I'm not seeing how this is devastating to rural America. This generates a service call. The ISP either gets an up-sell opportunity or they bill for the fix. The rural person making the call either gets a free fix or the pay $50 for service. The whole thing works about to (using the 4m number) at most 4mx$50 = $200m in costs. That's about a 1/2% of annual cable revenues in the US. Where is the devastation?

      • by kriston (7886)

        They won't bill for the fix and they won't try to up-sell. The real worry is the fact that modems will need to be replaced. I didn't make it clear in my original post that the DSL modem variant of the DNSChanger Zlob trojan really does brick the DSL modem once the FBI shuts the servers off. That costs a lot of money in labor and equipment.

        Perhaps I also wasn't clear that these people don't have a lot of money to begin with.

        • by jbolden (176878)

          I took it that they would need to be flashed potentially. I figured a mass purchase of DSL modems are like $20 each. I had room for some level of service in my $50, estimate per head. The number might be too low, but where poverty is rampant labor is cheap. If my $50 is off and it should be $75 I would agree that rural DSL customers aren't likely to have lots of extra money.

          Almost all the country at this point has Broadband. The FCC has been taxing to make availability happen. Looking at the current

  • Don't cut them off - do like the hotels do and take them to a splash screen asking for their credit card numbers so they can pay if they want to continue to use the internet on a service that is costing money to run and which they can't connect to normally because of their own wilful ignorance on security.
  • Rather than people infected with shit knowing there is a problem and getting help before they get even more owned the FBI activly acted to cover up the problem by continuing to run the DNS service leaving users to remain clueless.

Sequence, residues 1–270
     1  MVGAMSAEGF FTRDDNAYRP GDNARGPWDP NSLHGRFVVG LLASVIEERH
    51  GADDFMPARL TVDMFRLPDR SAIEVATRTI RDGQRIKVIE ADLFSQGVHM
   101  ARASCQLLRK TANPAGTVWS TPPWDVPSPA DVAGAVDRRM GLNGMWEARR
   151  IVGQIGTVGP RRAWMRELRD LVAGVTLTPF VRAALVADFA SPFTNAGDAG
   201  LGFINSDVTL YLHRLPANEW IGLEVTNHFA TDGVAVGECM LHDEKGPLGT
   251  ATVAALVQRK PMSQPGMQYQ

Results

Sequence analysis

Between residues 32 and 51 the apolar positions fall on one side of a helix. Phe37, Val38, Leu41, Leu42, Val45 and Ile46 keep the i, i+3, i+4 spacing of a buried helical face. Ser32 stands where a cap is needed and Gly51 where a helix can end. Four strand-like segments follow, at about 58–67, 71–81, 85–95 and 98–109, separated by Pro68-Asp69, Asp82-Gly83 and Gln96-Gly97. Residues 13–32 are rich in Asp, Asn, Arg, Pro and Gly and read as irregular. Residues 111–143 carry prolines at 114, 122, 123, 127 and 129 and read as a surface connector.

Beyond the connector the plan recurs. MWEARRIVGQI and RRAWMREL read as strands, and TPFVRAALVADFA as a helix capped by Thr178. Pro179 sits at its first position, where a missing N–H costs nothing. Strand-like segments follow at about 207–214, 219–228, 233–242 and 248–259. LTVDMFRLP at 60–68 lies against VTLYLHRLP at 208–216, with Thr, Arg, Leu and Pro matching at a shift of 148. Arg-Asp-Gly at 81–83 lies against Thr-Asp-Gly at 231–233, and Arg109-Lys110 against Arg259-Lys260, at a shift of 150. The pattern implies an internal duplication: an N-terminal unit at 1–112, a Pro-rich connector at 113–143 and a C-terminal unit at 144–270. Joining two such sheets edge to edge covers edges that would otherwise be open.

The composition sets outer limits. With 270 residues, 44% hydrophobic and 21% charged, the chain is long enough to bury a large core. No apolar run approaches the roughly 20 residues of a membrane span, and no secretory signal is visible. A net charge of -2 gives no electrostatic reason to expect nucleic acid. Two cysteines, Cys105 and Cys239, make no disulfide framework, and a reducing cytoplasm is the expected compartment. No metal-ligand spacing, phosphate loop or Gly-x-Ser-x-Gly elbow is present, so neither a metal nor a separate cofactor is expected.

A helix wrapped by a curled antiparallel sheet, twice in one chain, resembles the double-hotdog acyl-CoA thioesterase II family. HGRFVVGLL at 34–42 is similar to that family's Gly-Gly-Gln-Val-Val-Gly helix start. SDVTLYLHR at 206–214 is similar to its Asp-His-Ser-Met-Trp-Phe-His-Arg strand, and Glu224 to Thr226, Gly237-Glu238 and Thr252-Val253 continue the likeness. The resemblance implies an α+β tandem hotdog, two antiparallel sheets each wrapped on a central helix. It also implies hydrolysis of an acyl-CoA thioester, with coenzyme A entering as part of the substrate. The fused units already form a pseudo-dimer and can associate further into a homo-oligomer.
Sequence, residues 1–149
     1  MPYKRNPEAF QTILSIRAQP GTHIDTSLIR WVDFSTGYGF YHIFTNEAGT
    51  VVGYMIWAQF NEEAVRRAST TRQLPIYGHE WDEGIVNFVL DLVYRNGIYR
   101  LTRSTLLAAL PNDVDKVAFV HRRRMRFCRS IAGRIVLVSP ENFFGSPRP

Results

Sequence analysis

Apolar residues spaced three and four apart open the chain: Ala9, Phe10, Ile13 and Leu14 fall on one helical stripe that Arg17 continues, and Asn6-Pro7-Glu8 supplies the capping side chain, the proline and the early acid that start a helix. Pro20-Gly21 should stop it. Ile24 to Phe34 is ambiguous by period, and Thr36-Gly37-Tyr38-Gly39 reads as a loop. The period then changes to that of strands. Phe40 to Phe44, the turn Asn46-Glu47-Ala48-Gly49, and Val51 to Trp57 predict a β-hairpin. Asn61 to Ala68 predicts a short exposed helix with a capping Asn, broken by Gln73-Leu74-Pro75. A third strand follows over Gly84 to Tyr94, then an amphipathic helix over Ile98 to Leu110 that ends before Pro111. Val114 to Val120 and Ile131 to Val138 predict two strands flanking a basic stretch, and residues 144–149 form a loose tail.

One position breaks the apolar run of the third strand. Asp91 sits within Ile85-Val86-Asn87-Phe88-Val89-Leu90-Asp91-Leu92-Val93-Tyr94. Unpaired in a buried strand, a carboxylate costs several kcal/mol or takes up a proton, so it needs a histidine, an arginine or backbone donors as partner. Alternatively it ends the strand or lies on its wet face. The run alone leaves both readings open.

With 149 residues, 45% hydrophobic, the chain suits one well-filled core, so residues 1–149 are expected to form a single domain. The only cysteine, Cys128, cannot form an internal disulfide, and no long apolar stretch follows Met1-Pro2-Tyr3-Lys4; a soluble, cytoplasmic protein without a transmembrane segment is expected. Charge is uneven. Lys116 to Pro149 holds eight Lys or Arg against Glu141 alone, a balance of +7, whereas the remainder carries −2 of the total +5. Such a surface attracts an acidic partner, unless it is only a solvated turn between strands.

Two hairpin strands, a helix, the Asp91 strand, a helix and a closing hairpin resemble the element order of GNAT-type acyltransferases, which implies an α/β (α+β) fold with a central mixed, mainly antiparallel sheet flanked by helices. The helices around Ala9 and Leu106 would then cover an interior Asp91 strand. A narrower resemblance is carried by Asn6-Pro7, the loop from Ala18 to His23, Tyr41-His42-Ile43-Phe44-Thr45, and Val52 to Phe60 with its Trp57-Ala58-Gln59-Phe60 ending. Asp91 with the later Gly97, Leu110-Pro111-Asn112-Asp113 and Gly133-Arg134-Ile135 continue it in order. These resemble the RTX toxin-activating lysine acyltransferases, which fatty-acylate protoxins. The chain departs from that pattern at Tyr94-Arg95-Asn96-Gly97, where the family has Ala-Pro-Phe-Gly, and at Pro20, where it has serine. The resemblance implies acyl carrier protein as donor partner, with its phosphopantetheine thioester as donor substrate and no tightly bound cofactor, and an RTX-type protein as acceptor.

God knows I hate lawsuits yet on some level it would be awesome if someone filed one against the FBI anyway even if it had no chance of succeeding. It just might make them think twice before they decide to repeat this stunt.

  • 1. Yes they should shut it down.

    2. The should have a stockpile of dunce caps ready to mail to people who, despite having had months of warning, never bothered to even check if they were infected. There have been a myriad of public warnings about this, and instructions/tools on how to check. I am a reasonably advanced tech person, and even I checked my machines because I am not so proud as to believe I am flawless.

    3. For everyone talking about web sites... This is not just web sites. Everything you do on t

  • There are a few Private DNS systems that live outside the 'official' DNS system that allow people to find what they want regardless of a domain being 'seized'. If they don't control the DNS system they can't remove widescale access to specific domain without actually getting to the physical server.

    What I expect is going on is the FBI is going to kill access to these private DNS systems, or, they are engaging a global DNS logging system, or both.

    Private DNS systems may be blocked for a short time until a way

One man's "magic" is another man's engineering. "Supernatural" is a null word. -- Robert Heinlein

Working...